Although cross-sectional design does not allow conclusions about causality, second-generation antipsychotic medication which were prescribed equally across groups lowered delta/alpha frequency activity globally during the cognitive task only (Table 3). This carried over to SCZ, where left parietal cortex delta/alpha frequency was lower. Previous work in this area is inconsistent; second-generation antipsychotics have been reported to decrease73 or increase10,74,75,76,77 delta activity, to increase73,78 and decrease10,75 alpha activity. Then prescription of first-generation antipsychotics increased delta/alpha frequency activity for left frontal electrode, and then haloperidol, a first-generation antipsychotic, increased delta/alpha frequency activity for right central electrode. One study in SCZ found that haloperidol acutely decreased delta, and then after 28 days of treatment, a similar effect was seen in delta, then alpha increased34. A study in CON found that acute dosing of haloperidol increased delta activity77. We hypothesise that second-generation antipsychotics attenuate the disparity in delta/alpha frequency activity, especially during cognitive activation, that is, phasic vs. tonic cortical arousal. Further study is required to investigate potential causality and role of both first-generation and second-generation antipsychotics in delta/alpha frequency activity during cognitive activation.

The study has several limitations. First, MPD participants were younger and reported a shorter duration of illness (Tables 1 and 2). No relationships with age or duration of illness were found for delta/alpha frequency activity, suggesting age and duration of illness were not potential confounders. Studies in abstinent previously dependent methamphetamine users report reduced complexity of EEG activity, for example, increased delta with no change in alpha64,65. Then duration of psychotic illness has been associated with increased delta12 and to hold no association with delta17,18 or alpha activity12, and increased delta has also been shown to serve as a good predictor for developing psychosis79,80,81. With limited EEG research in MPD, further study is required to address the impact of age and duration of illness on delta/alpha frequency activity.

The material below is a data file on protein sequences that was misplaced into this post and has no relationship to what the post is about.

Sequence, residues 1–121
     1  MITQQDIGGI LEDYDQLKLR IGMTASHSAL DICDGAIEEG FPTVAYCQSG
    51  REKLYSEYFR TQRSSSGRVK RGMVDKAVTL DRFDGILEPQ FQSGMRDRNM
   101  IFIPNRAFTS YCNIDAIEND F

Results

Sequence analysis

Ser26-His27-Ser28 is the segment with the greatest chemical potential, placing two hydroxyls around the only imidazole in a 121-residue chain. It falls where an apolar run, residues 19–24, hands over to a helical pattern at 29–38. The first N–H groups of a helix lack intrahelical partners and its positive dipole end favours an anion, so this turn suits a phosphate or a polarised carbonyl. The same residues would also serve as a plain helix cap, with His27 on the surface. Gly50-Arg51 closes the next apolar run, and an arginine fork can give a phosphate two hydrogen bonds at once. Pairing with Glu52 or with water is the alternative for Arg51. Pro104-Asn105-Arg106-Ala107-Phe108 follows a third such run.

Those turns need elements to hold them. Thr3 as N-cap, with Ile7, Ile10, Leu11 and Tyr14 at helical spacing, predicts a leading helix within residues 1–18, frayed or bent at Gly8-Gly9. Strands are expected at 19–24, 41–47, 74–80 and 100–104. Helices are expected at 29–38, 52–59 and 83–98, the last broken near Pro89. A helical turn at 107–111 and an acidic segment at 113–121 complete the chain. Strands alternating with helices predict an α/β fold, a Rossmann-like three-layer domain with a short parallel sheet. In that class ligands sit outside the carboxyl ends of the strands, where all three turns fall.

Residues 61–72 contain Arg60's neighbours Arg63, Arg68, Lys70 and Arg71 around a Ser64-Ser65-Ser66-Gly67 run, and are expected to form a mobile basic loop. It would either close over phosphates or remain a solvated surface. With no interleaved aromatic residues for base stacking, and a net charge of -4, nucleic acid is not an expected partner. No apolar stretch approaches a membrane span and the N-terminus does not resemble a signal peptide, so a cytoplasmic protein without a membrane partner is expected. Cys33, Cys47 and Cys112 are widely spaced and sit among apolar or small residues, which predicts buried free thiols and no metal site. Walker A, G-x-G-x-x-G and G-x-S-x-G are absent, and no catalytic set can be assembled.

Second, drug use history was recorded using the ASSIST62, a tool used in primary health care. Correlation analyses were performed using the total scores for nicotine, methamphetamine and alcohol across the four groups and within each of the groups, and no relationships were found with delta/alpha frequency activity. In future studies, a more sensitive measure should be employed, such as the Kreek–McHugh–Schuluger–Kellogg scale, which better quantifies subjective substances of abuse, including duration of substance abstinence82. Several cautions should be noted with using EEG delta/alpha as a neurophysiological biomarker to delineate psychotic disorders. First, the current cohorts were comprised of stable outpatients, and the findings may not be generalisable to patients with active psychosis. Second, the sensitivity and specificity of findings here need to be validated in larger patient samples, including other psychotic83,84 and more common mental disorders36,85,86,87,88. Third, our study did not address the question of whether delta/alpha frequency activity represent an endophenotype that is also altered in first-degree family members4,23,25,89,90.

In conclusion, this is the first study to show the delineation of psychotic disorders using delta/alpha frequency activity (Fig. 1). These findings support the involvement of thalamo-cortical mechanisms in the psychotic disorders. If findings are replicated, delta/alpha frequency activity may provide a useful neurophysiological biomarker to delineate the psychotic disorders.


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The work was supported by National Research Foundation and University Research Committee. We acknowledge Lungiswa Mankayi, Ziyanda Gemashe, Goodman Sibeko, Neil Horn, Bonita Abrahams and David Karpul. We wish to thank the research participants for their time and willingness to participate in the current study.

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Howells, F.M., Temmingh, H.S., Hsieh, J.H. et al. Electroencephalographic delta/alpha frequency activity differentiates psychotic disorders: a study of schizophrenia, bipolar disorder and methamphetamine-induced psychotic disorder. Transl Psychiatry 8, 75 (2018).